Tuesday, March 13, 2018

The Happiness Formula

I talk to men and women nearly every day who possess a lack of happiness in their lives.  As I listen to them talk about what they believe is the source of their unhappiness I often discover that they lack understanding about both the cause of their unhappiness as well as the solution associated with overcoming it.

HappinessMany people believe that happiness is determined by their circumstances.  “If only I weren’t sick,” “If only I had more money,” “If only I was married – or single,” “If only I was thinner,” and the list of “if onlys” goes on and on.

Since the late 1990’s, psychologists have been taking a closer look at the topic of happiness and why it seems so elusive to many people.  In their book The How of Happiness: A new Approach to Getting the Life You Want, psychologists Sonja Lyubomirsky, Ken Sheldon, David Schkade and Martin Seligman, outline what they believe is the formula for happiness: H = S + C + V.

Tuesday, February 27, 2018

Daily Grind or Wise Investment?


Former House Speaker Newt Gingrich once said, “Perseverance is the hard work you do after you get tired of doing the hard work you already did.” Sounds exhausting, doesn’t it? How do you keep going when it seems like an endless cycle?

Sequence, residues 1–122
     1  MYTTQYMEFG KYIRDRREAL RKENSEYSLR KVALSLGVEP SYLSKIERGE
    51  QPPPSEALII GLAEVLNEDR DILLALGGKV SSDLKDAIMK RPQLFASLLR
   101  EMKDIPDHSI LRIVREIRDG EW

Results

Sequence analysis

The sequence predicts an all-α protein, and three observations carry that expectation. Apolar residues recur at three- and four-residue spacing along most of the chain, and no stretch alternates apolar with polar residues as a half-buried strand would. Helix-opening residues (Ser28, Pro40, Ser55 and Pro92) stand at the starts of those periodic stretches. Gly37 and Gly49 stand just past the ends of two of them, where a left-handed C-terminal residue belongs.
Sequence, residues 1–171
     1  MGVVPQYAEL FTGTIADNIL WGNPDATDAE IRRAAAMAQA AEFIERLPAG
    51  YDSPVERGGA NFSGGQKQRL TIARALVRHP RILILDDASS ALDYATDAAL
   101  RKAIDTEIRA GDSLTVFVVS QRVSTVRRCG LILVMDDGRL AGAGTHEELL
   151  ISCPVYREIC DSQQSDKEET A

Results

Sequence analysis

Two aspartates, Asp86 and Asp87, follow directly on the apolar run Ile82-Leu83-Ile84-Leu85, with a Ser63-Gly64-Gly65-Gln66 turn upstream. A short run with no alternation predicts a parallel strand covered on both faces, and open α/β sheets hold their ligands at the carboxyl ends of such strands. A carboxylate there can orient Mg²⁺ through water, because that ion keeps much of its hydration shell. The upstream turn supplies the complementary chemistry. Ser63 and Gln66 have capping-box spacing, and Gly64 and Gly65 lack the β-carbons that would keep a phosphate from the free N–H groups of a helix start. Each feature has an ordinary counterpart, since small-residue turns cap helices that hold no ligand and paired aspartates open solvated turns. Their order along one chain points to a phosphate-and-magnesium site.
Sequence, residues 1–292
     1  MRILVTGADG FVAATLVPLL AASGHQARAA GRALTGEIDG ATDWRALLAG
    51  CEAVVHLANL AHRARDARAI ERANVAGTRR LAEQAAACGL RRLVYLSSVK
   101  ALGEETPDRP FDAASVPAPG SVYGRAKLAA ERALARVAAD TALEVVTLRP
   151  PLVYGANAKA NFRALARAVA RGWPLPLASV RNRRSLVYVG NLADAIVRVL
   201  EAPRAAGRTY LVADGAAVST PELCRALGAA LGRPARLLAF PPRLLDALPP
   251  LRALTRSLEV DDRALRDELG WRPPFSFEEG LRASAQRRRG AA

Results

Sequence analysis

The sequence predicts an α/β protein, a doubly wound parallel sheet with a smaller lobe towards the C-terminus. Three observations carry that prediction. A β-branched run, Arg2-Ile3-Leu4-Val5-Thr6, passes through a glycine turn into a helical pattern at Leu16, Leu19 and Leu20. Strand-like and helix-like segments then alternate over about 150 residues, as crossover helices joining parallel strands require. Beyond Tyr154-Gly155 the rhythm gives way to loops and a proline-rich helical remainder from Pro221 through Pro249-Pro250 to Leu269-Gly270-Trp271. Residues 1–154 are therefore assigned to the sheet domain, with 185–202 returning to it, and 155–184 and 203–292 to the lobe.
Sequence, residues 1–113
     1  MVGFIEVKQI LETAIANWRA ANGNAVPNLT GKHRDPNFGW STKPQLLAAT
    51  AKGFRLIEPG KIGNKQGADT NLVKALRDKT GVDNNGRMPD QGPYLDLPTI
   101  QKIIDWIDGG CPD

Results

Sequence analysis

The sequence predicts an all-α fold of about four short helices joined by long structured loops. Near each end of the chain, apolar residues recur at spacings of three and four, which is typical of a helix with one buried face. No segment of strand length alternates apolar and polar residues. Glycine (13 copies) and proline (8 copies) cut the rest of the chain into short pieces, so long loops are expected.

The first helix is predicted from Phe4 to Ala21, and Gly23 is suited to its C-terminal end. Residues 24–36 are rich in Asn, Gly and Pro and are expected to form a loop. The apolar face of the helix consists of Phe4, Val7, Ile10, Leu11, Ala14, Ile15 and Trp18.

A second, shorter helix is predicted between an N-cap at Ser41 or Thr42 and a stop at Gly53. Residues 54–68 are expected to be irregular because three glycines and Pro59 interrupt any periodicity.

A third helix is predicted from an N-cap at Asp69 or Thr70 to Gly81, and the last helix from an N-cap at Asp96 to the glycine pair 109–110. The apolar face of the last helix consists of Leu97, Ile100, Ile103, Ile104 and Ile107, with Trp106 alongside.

Some days you go through the motions of your daily routine, wondering why you bother going to the same old job doing the same old things. Or you can’t remember why it’s important to prepare meals and wash dishes and laundry day after day.

So what’s the answer to why you do it? The answer is investment. Every good thing you do for your family, friends, career, church is an investment in the lives of others – even the daily routine tasks.

Tuesday, February 20, 2018

Dealing with The Critic

CriticEvery time Steve turned in a project, his boss consistently found something to criticize about it. Despite Steve’s many attempts at trying to please his boss, he couldn’t find a way to make it happen. After several months, Steve became so discouraged he gave up and quit his job.

Laura could never seem to please her mother. She studied late into the night and made straight A’s in school. She was Student Body President and showing great promise with her leadership skills. Yet her mom would say, “I am so proud of you, but why can’t you use some of your talent to clean your room?”